THE EARLY POSTS
Thirty members of Warminster History Society met at Warminster Library and Museum on the evening of 2nd September 1985, for a presentation "The Early Posts" by Mr. Bryan Wood, F.R.I.C.S., F.R.I.V.A.
Mr. Wood pointed out that the first recorded post was established in the year 2,000 B.C., in the Sumer region of Egypt, and was followed by a similar service during the Inca period. It was not until 1300 that the first service was set up in Europe, and developed under Edward IV, but only for the use of noblemen and King's messengers.
In 1532 all recorded mail was carried by messengers and by 1586 the system flourished as a courier service with the writer being debited with the cost on final delivery. Sweden established a monastic service with mail being franked by crowns to identify the King's post.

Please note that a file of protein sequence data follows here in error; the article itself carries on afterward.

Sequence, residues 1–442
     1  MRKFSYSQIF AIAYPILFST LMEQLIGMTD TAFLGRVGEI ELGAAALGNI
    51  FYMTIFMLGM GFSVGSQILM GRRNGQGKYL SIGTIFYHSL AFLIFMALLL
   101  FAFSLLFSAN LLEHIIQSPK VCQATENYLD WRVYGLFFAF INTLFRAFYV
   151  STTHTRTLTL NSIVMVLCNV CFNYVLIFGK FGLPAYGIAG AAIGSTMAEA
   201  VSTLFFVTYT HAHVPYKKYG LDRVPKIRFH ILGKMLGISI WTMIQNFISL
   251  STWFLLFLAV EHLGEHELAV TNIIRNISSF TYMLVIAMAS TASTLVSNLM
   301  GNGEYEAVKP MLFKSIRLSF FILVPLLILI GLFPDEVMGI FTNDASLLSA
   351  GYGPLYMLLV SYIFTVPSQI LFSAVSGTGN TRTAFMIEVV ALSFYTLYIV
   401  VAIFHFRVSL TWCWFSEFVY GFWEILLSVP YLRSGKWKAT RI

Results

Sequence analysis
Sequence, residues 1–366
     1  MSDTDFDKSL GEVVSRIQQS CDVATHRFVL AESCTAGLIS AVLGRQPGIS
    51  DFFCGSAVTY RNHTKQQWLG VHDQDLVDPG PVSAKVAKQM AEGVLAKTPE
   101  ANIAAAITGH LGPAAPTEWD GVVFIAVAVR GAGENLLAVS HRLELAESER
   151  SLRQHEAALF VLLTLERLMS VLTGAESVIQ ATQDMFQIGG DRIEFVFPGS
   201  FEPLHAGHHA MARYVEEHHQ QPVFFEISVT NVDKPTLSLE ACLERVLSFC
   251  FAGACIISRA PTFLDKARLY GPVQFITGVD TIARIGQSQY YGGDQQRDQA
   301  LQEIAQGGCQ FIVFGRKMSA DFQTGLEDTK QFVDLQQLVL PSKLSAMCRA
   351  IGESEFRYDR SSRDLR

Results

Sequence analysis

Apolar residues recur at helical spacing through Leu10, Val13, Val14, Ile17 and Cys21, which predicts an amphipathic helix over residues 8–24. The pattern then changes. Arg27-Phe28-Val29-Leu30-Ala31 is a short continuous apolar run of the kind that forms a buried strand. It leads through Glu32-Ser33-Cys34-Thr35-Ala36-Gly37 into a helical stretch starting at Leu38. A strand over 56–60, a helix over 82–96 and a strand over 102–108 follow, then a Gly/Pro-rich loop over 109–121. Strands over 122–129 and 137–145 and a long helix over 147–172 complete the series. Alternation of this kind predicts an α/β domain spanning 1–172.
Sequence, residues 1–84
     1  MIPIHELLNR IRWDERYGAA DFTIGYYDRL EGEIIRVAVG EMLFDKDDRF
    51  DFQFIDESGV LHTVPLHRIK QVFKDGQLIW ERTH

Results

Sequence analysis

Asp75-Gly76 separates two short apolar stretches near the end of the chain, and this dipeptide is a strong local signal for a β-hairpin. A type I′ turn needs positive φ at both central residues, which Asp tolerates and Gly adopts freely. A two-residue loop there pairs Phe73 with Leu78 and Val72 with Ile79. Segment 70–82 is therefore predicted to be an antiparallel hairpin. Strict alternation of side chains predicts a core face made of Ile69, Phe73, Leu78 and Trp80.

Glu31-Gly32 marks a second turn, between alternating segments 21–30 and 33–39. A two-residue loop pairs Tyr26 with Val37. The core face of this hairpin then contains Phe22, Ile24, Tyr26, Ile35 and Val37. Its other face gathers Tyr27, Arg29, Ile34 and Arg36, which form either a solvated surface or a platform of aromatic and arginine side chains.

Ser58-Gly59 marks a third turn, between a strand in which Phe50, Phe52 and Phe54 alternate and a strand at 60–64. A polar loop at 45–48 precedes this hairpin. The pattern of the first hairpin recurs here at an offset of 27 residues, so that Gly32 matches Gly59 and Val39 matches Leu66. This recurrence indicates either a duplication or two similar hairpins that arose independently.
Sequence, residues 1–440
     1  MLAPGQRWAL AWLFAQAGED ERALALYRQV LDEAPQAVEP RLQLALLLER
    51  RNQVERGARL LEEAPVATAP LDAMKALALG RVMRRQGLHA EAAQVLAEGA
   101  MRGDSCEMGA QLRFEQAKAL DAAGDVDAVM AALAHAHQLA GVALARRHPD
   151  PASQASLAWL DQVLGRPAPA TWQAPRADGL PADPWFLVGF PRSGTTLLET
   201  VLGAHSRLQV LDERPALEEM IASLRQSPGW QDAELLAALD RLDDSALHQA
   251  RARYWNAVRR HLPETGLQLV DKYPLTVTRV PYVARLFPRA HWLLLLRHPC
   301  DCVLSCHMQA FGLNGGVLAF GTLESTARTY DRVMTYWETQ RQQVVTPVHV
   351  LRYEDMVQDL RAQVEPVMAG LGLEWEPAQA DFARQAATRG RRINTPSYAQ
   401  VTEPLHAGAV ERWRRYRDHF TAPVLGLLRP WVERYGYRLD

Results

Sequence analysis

By 1613 the first uniformed postmen appeared in London during the reign of Charles II, with Nell Gwynne selling the franchise to Henry Bishop in 1660. The new owner introduced the first franking system, which was followed by the Penny Post in 1682, and this saw the incarceration of William Docker in the Tower Of London and the first case of nationalisation in the country.
After the colonisation of America, the party post system was commenced, and during the Napoleonic Wars the first post was conveyed by warship in 1805.
Warminster recorded its first postal service in 1773, when mail was conveyed to London under various postmarks, via Westbury and Devizes, a distance of 114 miles, using the Mail Coach system. In those far off days the post was guaranteed to arrive at all destinations in the country within 24 hours.
Mr. Wood had on display treasured collections, some of which were originals, depicting the growth of the postal service since its inception. He was thanked on behalf of the members present, and after coffee had been served he answered questions.